One of the goals of the Center for Zoo and Aquarium Animal Welfare and Ethics is to conduct and facilitate animal welfare assessments. In some cases, this entails conducting scientific research aimed at answering questions such as how animals respond to changes in their habitats or modifications to the ways in which we care for them. For example, and as you may have read about in previous blog entries, we assessed the impact of new or expanded habitats on the welfare of Madagascar giant hog-nosed snakes, penguins and grizzly bears at the Detroit Zoo, just to name a few. We also pose questions related to providing animals with stimulating experiences that allow them to engage in species-appropriate behaviors, such as increasing exploration in aardvarks and enhancing natural feeding opportunities for species like seals and gorillas. The more we can learn about how our animal care and management practices influence the welfare of animals, the more we can do to ensure they are thriving.
Although multi-faceted studies like the ones mentioned above are an important part of this endeavor, developing means to more rapidly evaluate the welfare status of individual animals is also a critical goal. Welfare assessments therefore also take the form of proactive and ongoing monitoring that provides an overview of the current welfare state of individual animals. To that end, the Detroit Zoological Society developed a welfare assessment tool in 2014 which was made freely available in a peer-reviewed publication in the Journal of Applied Animal Welfare Sciencein 2015. If you would like to read the full article, please visit our resource center on the CZAAWE website at czaw.org/resources and click on the link for A Universal Animal Welfare Framework for Zoos.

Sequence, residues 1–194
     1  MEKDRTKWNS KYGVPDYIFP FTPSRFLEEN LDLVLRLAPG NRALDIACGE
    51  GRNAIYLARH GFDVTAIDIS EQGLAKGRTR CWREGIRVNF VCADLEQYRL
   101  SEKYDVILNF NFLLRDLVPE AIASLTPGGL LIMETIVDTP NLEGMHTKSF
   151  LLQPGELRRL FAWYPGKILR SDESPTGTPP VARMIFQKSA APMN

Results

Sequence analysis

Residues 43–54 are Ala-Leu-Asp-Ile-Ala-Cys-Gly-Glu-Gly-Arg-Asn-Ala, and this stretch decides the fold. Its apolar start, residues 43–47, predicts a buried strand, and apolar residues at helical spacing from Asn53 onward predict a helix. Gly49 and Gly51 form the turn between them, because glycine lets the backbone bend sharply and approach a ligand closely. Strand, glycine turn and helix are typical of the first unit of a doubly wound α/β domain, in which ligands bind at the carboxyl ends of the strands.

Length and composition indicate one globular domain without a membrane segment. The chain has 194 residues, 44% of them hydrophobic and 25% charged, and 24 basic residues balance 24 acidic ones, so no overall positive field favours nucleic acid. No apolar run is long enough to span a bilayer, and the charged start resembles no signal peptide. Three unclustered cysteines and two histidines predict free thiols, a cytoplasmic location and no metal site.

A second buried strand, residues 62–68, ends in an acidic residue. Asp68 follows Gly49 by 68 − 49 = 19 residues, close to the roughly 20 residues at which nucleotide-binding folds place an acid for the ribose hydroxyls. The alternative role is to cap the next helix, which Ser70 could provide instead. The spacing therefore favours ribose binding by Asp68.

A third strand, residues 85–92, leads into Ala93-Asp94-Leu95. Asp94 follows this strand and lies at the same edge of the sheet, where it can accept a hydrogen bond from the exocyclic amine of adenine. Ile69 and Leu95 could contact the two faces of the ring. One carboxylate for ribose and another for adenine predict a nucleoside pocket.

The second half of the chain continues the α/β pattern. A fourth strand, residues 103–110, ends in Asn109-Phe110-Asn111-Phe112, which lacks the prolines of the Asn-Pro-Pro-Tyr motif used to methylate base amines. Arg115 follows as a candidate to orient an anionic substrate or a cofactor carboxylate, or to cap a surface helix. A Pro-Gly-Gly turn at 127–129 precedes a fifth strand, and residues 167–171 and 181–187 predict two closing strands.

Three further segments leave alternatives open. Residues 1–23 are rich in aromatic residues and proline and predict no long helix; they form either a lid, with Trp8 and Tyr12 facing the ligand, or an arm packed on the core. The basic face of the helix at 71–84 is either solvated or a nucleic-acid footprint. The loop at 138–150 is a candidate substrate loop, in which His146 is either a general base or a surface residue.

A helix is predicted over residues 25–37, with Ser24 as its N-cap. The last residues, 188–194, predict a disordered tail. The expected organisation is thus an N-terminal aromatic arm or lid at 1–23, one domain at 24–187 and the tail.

Since that time, we have continued to refine the animal welfare assessment tool to evaluate how the animals living at the Detroit Zoo and Belle Isle Nature Center are faring, as well as train other accredited organizations in the use of the tool. In its present form, the assessment tool includes measures of inputs, which focus on what is provided to animals, such as amount and complexity of their space, the social opportunities they have and their dietary considerations. The tool also incorporates measures of outputs, which are how the animals respond to what is provided to them. We try to make sure that we have output measures that match up with the questions about the inputs. For example, the outputs we would use to correspond to the inputs I listed as examples would include questions about how the animals use their habitat, if they interact with other animals that share their space in the manner we would expect and if they are in good body condition. The questions in the animal welfare assessment tool line up with the Five Domains model of welfare, which delineates how nutrition, physical health, behavior and the environment (both physical and social) feed into an animal’s emotional state.
Organizations accredited by the Association of Zoos and Aquariums (AZA), which we have been a member of since 1985, continue to place increasing importance on ensuring animals in their care are experiencing positive welfare, and this responsibility is reflected in the very standards by which member organizations must abide to be accredited. One of the newer standards requires AZA members to have a welfare assessment process like the one the Detroit Zoological Society has in place. It is great to see that our professional community is committed to not only provide good care for animals, but to provide them with great welfare.
– Dr. Stephanie Allard is the director of animal welfare for the Detroit Zoological Society and oversees the Center for Zoo and Aquarium Animal Welfare and Ethics.
Stephanie Allard, Ph.D., is the Director of Animal Welfare for the Detroit Zoological Society and oversees the Center for Zoo Animal Welfare.